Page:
13 May 2022 – Refectory Holland College
'Coal Phase-out is Key to the World Climate Strategy'
Keynote: Robert Jeszke
Panel: Eswaran Somanathan and Jos Delbeke
Coal provides close to 30% of the world energy needs but is also disproportionally contributing to global warming. Electricity generated by coal power plants emits twice as much greenhouse gasses as a gas-powered plant and of course much more than a renewable electricity plant that emits virtually no greenhouse gasses.
COP 26 failed to agree on a worldwide phase-out plan for coal. This was no surprise as coal has historically been the first and for long the cheapest source of fossil energy and its use is strongly concentrated in a few countries. For some countries like South Africa and Colombia who have ample reserves, coal is also an important export product.
In countries like South Africa and Colombia, getting rid of coal will require moth-balling mining installations, rail lines and power stations and replacing this source of energy by mainly renewable sources as there are sun and wind. Vested interests, be it owners or workers will only agree to the reconversion if the change offers long term benefits not only for the country as a whole but also for the mining regions.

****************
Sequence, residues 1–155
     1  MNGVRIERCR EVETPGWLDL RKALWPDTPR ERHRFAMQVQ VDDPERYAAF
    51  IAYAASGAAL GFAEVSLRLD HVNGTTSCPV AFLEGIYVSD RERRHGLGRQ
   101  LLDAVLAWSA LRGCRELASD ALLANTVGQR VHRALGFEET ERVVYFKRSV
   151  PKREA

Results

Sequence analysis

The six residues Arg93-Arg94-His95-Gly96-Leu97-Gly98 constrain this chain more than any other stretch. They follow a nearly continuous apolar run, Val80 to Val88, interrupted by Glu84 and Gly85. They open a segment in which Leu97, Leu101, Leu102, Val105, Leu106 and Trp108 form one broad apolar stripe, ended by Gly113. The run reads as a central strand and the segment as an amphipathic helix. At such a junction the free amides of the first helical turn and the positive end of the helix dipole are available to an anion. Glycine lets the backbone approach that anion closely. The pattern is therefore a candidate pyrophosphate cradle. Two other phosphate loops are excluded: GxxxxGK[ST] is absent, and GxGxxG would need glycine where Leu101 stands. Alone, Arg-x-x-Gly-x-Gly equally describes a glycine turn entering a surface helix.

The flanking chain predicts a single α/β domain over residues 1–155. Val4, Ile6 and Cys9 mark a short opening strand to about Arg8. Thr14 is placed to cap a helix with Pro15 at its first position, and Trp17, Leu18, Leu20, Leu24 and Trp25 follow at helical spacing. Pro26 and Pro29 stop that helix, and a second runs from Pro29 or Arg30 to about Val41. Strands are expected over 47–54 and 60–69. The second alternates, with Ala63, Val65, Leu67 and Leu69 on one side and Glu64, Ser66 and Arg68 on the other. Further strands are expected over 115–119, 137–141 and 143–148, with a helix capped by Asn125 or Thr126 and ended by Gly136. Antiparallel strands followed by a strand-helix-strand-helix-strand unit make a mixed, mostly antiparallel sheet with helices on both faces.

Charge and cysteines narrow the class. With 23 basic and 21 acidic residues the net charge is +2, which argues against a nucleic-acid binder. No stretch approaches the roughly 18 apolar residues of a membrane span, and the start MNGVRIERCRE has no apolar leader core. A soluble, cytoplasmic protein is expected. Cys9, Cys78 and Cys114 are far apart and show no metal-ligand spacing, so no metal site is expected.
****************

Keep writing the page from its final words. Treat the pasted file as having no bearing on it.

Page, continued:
Even in Western-Europe this conversion remains an important issue for a few countries, take Germany where government decided in 2020 to stop producing and using coal (lignite) only in 2038. But there is also Poland, Bulgaria and Romania where the national coal production remains an important part of the local energy production and consumption. In developing countries this conversion will be more difficult. First, energy is for some of them an important export product. Second, most of the work force will be less educated and therefore less easily reskilled to work in other sectors of the economy. Third, the economies in developing countries are often more strongly regulated and this holds certainly for the energy sectors that are an important employer and generator of royalties and government revenues.
During this public LIAS evening, Professor Robert Jeszke will elaborate on the challenges of energy conversion in Poland. LIAS fellows Eswaran Somanathan (Indian Statistical Institute (ISI) in Delhi, India) and Jos Delbeke (KU Leuven) will discuss with him. Afterwards Jos Delbeke will moderate the public discussion.
For complex challenges an interdisciplinary synthesis can be more important and more relevant than technical and disciplinary expertise. Global problems require an international synthesis.